A: Power output is 50-65% generally because there is inert nitrogen in the gas stream. Users compensate by sizing up their engines or gensets. Example: 10kw propane yields 5 – 6.5kw on woodgas. You can store the gas in bags like a biogas. Some people compress it, but it doesn’t liquefy and it’s not recommended unless you work with compressed gases regularly.
Q: Is it safe?
A: It’s flammable gas, of course it’s safe;) If you are careful and use it in a well ventilated area with safety glasses and gloves you should be fine. Do not pump the gas into your home however because there is no scent added to warn you of a leak. Carbon monoxide is present, so use common sense.
Q: How do you recommend I integrate this with my homestead? Use schedule?
A: Fire up a batch run in the morning for a few hours to get things warmed/charged up while you use heavy loads. Use solar panels during the daytime when loads are low. Then at night run another batch of wood to fuel your generator and get things warm for the night ahead. Mount your system under a roof with at least one open wall or a big door. Keep it away from house windows. Preferably it is near a greenhouse or somewhere you can harvest waste heat to heat water for radiant heating. Heating water is an ideal source of heat because you can also use the sun and the heat from compost, so they all work together nicely.
What is the best way to learn?
Step #1 make gas. Just flare gas during hour long tests for a week and focus on getting dry wood at the right size into the machine. Step #2 connect the machine to an engine and get the air fuel mixture correct. Continue repeating the hour long tests. Step #3 add a hopper bin to hold more wood for longer run time. Many new users want 24/7 operation, but it’s not practical in terms of feedstock preparation time, oil changes etc. Long time users usually focus on power conservation first. Then operate their machines in a morning batch run and an evening batch run.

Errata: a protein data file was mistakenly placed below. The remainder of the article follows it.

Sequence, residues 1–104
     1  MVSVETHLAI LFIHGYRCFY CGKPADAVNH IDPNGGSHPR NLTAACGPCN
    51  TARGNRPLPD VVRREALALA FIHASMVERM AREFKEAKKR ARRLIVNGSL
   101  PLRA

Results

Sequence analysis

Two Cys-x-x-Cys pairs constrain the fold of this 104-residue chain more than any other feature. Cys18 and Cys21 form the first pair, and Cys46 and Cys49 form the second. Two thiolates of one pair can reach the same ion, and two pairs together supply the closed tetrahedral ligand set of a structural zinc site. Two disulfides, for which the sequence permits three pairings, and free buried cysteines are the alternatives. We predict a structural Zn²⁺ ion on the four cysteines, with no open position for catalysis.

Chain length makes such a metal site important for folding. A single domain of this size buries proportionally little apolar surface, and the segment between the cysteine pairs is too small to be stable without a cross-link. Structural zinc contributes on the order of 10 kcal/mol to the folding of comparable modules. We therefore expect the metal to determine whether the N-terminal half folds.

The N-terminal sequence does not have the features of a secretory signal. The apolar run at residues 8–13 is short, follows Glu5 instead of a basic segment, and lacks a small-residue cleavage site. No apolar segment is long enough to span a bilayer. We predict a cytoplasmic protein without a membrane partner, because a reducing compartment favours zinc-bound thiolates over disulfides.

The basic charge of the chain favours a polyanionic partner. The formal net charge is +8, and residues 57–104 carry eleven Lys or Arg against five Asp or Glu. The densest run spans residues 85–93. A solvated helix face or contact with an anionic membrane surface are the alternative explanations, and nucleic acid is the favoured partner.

What feedstock does it take?
It takes chunked or thick chipped wood. It does not use rice husks, mulch, bark, etc. It’s a wood gasifier. How is that for truth in advertising! The size of the wood will depend a bit on engine size. Small engines can use chips as small as 1/2″ x 1″ x 1/4″. As large as 1″ x 2″ x 2″. Large engines prefer larger chunks. 2″ x 2″ for hard woods for beginners. 3″ x 3″ for soft woods.
Pine, fir & oak are popular woods to use. Plenty of others will work. Avoid cotton wood because it’s ashy and low density. Cedar can be oily. Give it a test. Mix with other woods if necessary. Try to keep it 20% moisture or below when beginning. Advanced operators can use a condensing feed hopper and use woods up to about 35% moisture for chunks. 30% moisture for chips.